Ever wish life would just slow down a little? I do, several dozen times a day usually, and I find as I get older that this applies to video games, too.
The lovely and languid “Child of Light” ($14.99, rated E-10) is a download-only title from industry giant Ubisoft that goes against the usual industry aesthetic. Instead of frantic combat and bombastic visuals, you get a sweet and somber story with painterly images and artful, retro gameplay.
“Child of Light” tells the story of little princess Aurora, who falls asleep one night and never wakes up. Her father, an Austrian duke, grieves bitterly, unaware that Aurora has been transported to the mystical land of Lemuria.
Aurora’s quest is to reunite with her father – and with the waking world – by helping the people of Lemuria defeat the Dark Queen Umbra, who has stolen the kingdom’s sun, moon and stars. Isn’t that always the way with Dark Queens?
Combat can be avoided
“Child of Light” is a side-scrolling adventure with some limited RPG elements mixed in. Aurora traverses the dreamlike land by navigating foreground obstacles, but it’s the gorgeous background images that linger. Each area you explore – a forest, a village, a cavern – is like wandering through a painting. The minimalist piano score only adds to the gentle ambiance.
Aurora soon meets up with her first companion, a flying will-o-wisp with the entirely excellent name of Igniculus. If you’re playing with a friend, Igniculus can be controlled by a second player, and this is a great option for parents who want to play with younger kids. Aurora eventually gets a set of fairy wings herself, opening up a new vertical plane of exploration.
Additional companions join the party along the way, including a sad jester and a worried gnome whose family has been polymorphed into crows. All party members can draw from a shared inventory that includes variations on the usual array of potions and magical items.
The game uses an old-school turn-based combat system in which tactics depend on planning and sequencing, rather than frantic real-time button-pushing. The fighting sequences are more of a mini-game within the game, actually, and combat can often be avoided entirely.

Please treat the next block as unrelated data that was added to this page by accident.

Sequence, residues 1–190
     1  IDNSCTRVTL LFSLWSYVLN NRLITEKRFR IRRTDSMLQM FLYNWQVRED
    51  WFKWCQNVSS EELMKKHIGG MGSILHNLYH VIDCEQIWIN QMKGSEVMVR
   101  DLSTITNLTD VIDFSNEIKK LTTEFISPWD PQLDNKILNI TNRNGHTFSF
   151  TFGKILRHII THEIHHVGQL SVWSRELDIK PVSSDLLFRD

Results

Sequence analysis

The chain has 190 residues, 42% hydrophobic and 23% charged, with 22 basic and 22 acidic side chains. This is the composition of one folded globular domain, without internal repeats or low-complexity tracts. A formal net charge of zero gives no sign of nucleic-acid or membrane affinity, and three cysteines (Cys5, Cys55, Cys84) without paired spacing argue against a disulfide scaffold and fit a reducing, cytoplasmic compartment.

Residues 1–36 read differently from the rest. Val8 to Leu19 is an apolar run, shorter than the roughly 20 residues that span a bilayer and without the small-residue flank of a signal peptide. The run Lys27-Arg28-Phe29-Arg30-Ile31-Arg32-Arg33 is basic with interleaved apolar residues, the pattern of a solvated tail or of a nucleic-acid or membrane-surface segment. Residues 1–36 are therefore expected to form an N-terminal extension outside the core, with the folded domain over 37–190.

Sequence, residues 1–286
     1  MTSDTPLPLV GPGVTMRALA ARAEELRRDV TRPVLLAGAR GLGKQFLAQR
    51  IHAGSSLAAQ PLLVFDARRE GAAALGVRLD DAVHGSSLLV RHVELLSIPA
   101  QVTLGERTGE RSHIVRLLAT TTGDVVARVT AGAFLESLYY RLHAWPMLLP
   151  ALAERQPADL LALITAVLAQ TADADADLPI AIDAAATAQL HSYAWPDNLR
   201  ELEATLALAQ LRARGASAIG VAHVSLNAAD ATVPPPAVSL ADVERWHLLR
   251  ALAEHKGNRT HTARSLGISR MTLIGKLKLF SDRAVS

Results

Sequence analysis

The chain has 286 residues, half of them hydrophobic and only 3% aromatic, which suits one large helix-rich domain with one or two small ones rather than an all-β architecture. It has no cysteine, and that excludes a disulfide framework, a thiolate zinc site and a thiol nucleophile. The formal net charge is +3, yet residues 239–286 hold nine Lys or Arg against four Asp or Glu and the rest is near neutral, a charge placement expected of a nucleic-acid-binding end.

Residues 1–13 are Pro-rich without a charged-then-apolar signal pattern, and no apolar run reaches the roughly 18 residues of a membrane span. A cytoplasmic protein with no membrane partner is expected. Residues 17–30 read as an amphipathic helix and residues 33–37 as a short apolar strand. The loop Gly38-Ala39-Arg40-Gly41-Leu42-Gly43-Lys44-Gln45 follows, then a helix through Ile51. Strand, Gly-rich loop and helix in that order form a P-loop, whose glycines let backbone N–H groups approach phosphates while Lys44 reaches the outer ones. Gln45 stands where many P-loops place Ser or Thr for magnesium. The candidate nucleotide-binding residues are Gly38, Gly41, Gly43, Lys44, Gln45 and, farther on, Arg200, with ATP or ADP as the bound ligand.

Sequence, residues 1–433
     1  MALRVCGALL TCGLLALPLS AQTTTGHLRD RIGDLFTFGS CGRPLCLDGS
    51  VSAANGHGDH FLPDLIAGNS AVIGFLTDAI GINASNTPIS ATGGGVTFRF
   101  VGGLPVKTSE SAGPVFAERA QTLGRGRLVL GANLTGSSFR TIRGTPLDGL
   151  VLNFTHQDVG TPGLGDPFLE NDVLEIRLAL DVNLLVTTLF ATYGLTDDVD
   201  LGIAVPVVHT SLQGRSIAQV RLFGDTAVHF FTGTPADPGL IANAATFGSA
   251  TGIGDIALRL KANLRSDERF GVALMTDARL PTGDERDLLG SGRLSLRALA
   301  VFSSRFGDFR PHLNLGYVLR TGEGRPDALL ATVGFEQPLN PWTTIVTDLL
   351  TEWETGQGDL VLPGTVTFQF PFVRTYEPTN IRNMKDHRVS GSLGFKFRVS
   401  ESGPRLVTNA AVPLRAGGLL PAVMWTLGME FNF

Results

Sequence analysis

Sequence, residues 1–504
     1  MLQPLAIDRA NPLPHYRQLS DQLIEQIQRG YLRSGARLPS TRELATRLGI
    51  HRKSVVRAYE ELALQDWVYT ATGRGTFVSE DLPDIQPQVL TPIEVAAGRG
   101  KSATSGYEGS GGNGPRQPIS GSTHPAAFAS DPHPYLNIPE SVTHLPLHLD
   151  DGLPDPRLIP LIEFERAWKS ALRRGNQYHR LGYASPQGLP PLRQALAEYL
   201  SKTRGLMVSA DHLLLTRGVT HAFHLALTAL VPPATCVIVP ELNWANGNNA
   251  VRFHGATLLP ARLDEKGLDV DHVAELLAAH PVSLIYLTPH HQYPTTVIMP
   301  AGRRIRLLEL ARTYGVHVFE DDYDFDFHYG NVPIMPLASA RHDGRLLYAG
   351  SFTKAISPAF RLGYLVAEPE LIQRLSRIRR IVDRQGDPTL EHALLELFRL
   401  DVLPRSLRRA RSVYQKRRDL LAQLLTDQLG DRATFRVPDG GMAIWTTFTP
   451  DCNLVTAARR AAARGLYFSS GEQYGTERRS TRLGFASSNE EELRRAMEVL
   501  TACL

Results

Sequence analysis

When you are required to fight, you’ll encounter a menagerie of magical enemies, including rocky giants, fiery hounds and icy spiders. “Child of Light” incorporates an elemental sub-system in combat – creatures of fire, for instance, are vulnerable to water magic, and vice versa. Aurora and her companions level up as the adventure proceeds, unlocking new skills and bonuses.
Exploring and feeling
The RPG and platforming elements are modest, but “Child of Light” is really about mood and atmosphere. It’s refreshing to play a game where the pace is manageable and the designers aren’t afraid to linger on subtle images and moments. The way that the fairy-winged Aurora flies about the screen is oddly calming and almost hypnotic. It was interesting to watch my kindergartner play “Child of Light.” She fell right into its rhythms and seemed to intuit that this isn’t a game about fighting or racing. It’s about exploring and, dare I say, feeling.
The game has one main problem, and it’s a big one. All of the onscreen narrative and dialogue is delivered in rhyme, which is a great idea for a lyrical game like this – in concept. Execution, however, is another matter and the designers apparently hired some kids from the local middle school to handle writing duties.
The tortured poetry is a constant distraction. Several cut scenes consist of nothing but characters trading verse, and I found I couldn’t mash the buttons quickly enough to fast-forward through these passages.
It’s really too bad, because in terms of imagery, mood, music and gameplay, “Child of Light” is one of the year’s best games.
“Child of Light” is now available on Microsoft Windows, PlayStation 3, PlayStation 4, Xbox 360, Xbox One and Wii U.
New tthis week: The action RPG “Bound by Flame,” the PC strategy sim “Hegemony Rome: The Rise of Caesar” and the latest episode of the popular “The Walking Dead” game, “In Harm’s Way.”